Getting Through the Terrible Twos



 
The terrible twos are a normal phase of child development, but can be a difficult time for both parents and child alike. We spoke to psychotherapist Karine Vézina (www.karinevezina.com) to find out more about exactly what goes on during this period; she also gave us her tips on how to deal with it most effectively as parents.
What are the terrible twos, and why are they so difficult for the child?
During this period, your child starts affirming himself; he realizes that he is a whole person, and distinct from others, including his parents. “He then comes to understand that his attitudes or responses create a reaction in others,” says Vézina. This is why kids start expressing themselves more, and sometimes reacting more intensely or dramatically.MOMMY_14artHow much time does this period generally last?
Although the period is called “terrible twos”, it doesn’t necessarily mean that the second your child turns two years old, he’s entered the phase. “It’s not a rare occurrence for me to hear parents say that they thought they were in the clear, but that now that their child is three, or three and a half, they feel like he’s finally going through it”, confirms Vézina.

What is the best attitude for a parent during her child’s terrible twos?
According to Vézina, “It’s important to be clear and firm, all the while respecting the child’s current emotion.” Your toddler should feel that his emotions, and a reaction, are justified, but that it doesn’t necessarily mean that he’ll get what he wants.

What type of attitude should a parent avoid?
“Some parents can start second-guessing themselves, or feel guilt. This guilt, or not really knowing how to react to the child’s behaviour, can bring the parent to try to avoid crises or try to cut the reaction short,” explains Vézina. According to Vézina, it’s important to act and supervise, rather than avoid crises. The more constant your responses are, the better the child will evolve during this phase.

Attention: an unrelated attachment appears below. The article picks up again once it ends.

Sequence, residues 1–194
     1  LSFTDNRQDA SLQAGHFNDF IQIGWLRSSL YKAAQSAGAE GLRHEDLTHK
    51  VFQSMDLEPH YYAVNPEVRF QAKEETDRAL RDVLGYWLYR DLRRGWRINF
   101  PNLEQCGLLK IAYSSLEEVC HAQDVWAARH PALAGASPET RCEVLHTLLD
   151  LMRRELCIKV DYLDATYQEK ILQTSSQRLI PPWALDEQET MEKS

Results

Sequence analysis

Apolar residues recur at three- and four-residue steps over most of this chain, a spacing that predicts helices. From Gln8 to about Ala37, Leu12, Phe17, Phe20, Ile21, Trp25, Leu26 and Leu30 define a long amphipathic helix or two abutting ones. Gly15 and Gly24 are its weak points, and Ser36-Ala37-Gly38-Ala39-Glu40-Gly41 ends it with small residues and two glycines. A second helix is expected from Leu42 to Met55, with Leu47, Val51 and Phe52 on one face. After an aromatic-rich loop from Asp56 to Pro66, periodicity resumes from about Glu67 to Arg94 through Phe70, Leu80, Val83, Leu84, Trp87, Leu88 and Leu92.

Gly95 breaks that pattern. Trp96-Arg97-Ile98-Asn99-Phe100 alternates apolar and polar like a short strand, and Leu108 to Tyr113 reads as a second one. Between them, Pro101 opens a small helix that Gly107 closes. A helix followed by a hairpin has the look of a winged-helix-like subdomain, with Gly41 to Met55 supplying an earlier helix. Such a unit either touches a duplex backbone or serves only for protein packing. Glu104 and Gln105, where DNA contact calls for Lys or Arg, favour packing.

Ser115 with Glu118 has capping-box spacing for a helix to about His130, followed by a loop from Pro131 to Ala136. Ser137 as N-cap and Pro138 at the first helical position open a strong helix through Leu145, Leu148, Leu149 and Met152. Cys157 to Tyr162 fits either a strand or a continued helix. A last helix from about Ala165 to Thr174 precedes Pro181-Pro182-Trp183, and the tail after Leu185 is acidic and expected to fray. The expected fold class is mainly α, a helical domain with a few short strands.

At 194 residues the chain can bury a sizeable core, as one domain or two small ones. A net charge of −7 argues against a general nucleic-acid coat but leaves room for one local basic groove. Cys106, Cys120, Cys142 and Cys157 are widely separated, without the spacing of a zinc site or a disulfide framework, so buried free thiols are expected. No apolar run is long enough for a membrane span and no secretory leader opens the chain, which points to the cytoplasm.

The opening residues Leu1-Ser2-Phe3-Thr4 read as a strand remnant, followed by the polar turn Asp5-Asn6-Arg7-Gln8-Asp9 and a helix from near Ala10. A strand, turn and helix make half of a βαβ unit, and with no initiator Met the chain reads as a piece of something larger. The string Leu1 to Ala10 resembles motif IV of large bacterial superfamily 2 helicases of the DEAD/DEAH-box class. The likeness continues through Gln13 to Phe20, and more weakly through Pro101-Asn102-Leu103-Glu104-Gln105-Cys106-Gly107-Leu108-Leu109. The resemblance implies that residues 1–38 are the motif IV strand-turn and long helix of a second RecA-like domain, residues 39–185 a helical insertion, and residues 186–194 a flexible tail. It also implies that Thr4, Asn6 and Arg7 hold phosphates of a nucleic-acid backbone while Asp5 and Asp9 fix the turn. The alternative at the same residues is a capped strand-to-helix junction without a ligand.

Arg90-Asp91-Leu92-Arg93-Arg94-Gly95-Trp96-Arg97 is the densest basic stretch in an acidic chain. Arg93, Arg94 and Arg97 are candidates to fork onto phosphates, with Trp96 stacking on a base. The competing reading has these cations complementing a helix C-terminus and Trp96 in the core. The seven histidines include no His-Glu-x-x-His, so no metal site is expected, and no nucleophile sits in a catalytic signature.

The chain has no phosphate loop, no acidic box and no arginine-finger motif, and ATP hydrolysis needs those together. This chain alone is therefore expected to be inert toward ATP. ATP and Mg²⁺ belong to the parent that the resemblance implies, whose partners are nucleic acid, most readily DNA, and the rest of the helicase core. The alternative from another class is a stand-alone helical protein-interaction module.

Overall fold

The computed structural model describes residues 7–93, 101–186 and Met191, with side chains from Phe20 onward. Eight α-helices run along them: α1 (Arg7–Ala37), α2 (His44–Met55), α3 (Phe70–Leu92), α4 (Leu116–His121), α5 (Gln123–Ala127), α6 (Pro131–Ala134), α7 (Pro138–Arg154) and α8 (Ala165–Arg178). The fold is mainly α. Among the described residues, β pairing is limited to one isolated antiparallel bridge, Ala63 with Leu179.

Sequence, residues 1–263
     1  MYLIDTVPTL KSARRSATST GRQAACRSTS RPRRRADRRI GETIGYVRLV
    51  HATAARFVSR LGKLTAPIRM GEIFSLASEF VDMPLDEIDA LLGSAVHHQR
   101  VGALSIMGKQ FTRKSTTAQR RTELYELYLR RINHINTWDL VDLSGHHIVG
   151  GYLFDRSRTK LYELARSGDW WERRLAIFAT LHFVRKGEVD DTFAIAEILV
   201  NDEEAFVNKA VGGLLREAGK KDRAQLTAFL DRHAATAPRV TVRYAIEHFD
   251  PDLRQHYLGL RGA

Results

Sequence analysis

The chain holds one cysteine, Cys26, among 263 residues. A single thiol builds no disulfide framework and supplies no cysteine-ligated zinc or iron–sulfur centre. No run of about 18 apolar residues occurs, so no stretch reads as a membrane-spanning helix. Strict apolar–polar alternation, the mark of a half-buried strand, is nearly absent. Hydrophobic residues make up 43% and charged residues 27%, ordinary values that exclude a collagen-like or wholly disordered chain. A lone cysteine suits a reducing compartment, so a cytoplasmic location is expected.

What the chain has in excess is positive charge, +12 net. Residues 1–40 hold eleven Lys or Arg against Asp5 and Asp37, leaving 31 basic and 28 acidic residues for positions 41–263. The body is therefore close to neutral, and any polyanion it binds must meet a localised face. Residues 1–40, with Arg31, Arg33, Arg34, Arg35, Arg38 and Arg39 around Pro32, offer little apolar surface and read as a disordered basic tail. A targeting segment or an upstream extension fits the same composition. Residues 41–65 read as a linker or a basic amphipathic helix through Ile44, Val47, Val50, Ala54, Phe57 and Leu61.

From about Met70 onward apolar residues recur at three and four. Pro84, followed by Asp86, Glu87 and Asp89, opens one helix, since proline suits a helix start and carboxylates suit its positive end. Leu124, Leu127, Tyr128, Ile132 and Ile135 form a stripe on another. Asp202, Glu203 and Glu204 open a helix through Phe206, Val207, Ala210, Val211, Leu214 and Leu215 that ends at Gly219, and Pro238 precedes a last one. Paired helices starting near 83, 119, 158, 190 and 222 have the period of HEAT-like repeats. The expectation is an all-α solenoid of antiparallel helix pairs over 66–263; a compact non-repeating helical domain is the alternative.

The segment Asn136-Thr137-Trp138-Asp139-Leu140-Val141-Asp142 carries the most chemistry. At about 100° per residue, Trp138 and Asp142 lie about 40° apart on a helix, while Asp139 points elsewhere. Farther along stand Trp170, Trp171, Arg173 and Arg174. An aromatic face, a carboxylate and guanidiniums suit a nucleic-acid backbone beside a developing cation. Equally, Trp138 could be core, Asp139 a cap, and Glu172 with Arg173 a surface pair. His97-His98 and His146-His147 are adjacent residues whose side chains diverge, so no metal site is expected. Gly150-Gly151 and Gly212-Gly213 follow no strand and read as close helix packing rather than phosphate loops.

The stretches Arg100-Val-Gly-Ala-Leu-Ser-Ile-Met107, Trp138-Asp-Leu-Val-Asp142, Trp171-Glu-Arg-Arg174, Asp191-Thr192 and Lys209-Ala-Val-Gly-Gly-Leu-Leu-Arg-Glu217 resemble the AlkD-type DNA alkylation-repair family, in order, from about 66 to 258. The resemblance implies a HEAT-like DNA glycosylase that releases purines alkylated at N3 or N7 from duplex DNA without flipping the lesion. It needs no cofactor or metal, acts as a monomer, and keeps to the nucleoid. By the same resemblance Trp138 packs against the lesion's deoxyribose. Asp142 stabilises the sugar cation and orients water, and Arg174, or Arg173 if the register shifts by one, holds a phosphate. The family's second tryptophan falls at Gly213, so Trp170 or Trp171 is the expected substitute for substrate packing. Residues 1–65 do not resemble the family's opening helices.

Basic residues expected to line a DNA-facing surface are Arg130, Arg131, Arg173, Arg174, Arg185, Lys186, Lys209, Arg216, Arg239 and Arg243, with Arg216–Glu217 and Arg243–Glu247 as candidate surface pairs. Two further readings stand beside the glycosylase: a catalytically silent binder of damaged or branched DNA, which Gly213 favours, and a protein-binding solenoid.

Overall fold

Karine Vézina’s terrible-two tips
– “Be clear, constant, coherent, and consequent, despite the daily bustling, fatigue, and unexpected occurrences. These attitudes are […] reassuring for the child.”

–  “Respect your child’s emotion, name it, and recognize it. Let him express himself while setting limits. He can cry, and let out his anger and screams, but there can be certain places (the bedroom, for example), and acceptable ways of doing it (hitting the bed or cushions) and others that are not (screaming in his parents’ ears, throwing objects, spitting, etc.). This is part of setting clear limits and giving the child a sense of security. He will then be able to tell what is allowed or not, and will have the appropriate tools to deal.”

– “The question falls on the parent: Do I want my child to simply stop screaming, or do I want him to learn from the situation and stop screaming? The latter way of seeing things may seem more demanding on the short term, but the effects will be beneficial on the long term for the whole family! Your toddler will have evolved and learned, while feeling that he was respected in what he is going through and feeling.”

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